Although proceedings have not yet been brought before the World Trade Organization (WTO) dispute settlement body, Canadian representatives are clearly agitated. Last Summer, the Canadians raised objections to the 1997 French ban on chrysotile at the WTO's Committee on Technical Barriers to Trade (TBT). The matter was still pending and further submissions were anticipated at the TBT meeting on March 27; however, events overtook these proceedings. According to a WTO source, the French ban was not even discussed at the three-hour TBT meeting in Geneva. Canada, supported by Brazil, raised a procedural question on the failure of the Belgian government to notify the WTO of recent measures limiting the marketing, manufacture and use of asbestos. A representative of the European Commission, who spoke on behalf of Belgium, confirmed that a royal decree on this subject had been adopted by the Belgian government on February 3; notification will be made to the WTO in due course at which time the subject will be open for discussion at the TBT.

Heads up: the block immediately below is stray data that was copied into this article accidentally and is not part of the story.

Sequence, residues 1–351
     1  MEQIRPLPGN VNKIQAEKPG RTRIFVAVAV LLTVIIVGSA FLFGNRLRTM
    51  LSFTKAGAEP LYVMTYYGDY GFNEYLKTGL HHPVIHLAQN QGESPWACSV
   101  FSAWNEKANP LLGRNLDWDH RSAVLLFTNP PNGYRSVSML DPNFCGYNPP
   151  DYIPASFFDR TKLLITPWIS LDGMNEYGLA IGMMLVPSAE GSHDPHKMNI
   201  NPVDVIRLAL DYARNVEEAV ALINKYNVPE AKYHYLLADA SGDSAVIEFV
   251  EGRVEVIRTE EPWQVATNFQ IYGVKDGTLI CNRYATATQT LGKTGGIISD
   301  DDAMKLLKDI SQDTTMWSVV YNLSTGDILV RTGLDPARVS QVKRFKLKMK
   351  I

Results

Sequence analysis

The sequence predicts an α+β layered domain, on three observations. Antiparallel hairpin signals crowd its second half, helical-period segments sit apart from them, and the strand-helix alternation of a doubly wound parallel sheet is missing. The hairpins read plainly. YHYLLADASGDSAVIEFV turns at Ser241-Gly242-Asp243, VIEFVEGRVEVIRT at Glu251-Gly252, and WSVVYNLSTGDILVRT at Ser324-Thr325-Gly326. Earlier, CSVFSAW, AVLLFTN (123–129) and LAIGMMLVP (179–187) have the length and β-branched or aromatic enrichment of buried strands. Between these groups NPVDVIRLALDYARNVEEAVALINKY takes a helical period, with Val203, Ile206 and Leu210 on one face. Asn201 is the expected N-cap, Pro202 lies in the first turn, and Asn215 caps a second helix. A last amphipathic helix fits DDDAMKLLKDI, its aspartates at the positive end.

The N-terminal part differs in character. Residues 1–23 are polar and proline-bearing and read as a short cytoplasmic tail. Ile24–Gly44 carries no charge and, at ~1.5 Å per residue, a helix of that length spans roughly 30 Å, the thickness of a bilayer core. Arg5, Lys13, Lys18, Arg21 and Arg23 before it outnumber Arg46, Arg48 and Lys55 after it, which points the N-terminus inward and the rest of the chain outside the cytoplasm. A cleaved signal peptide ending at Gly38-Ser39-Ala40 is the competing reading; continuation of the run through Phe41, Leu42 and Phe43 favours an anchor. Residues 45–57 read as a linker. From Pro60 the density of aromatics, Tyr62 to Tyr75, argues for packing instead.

It is not surprising that Brazil supported Canada's motion at the TBT; as well as being the world's fifth largest asbestos producer, Brazil is also one of its principal consumers. Most of Brazil's asbestos is mined by a consortium backed by the Swiss Eternit group and the French company Saint Gobain; asbestos is banned in both Switzerland and France. One suspects that the disparity of trading in a substance which is now illegal in France was not lost on a jury in Texas when it was deliberating a case brought against Carborundum, a wholly owned subsidiary of Saint Gobain. In February, the lawyer representing twenty-one steelworkers with asbestosis asked the jury to "send a message all the way to France and all the way to Brazil;" the jury responded by awarding the plaintiffs $115 million. A bill to ban the use of asbestos was rejected by the Brazilian Parliament in 1993. Subsequently, a substitute bill guaranteeing the continued use of asbestos was passed. In October, 1997 a new regulation was approved which permits increased chrysotile exploration in Brazil. The Brazilian Labour Ministry employs 628 inspectors to supervise 1,219,389 commercial operations; this corresponds to a quarter of the inspectors required to visit each site annually. Over recent years inspections of asbestos factories have uncovered conditions which were, according to one inspector, frankly "out of control." In March, officials from the Sao Paulo office of the Ministry of Labour conducted spot checks on three facilities belonging to the Tonolli aluminium company in the Paraiba Valley region. A number of irregularities were discovered which violated existing labor legislation and consumer rights; illegal, unlabelled asbestos-containing receptacles were being used for holding and transporting molten aluminium. The company received a warning but was not prosecuted. The concept of "controlled use" of asbestos in Brazil is in practice a nightmare; one suspects this is also the case elsewhere.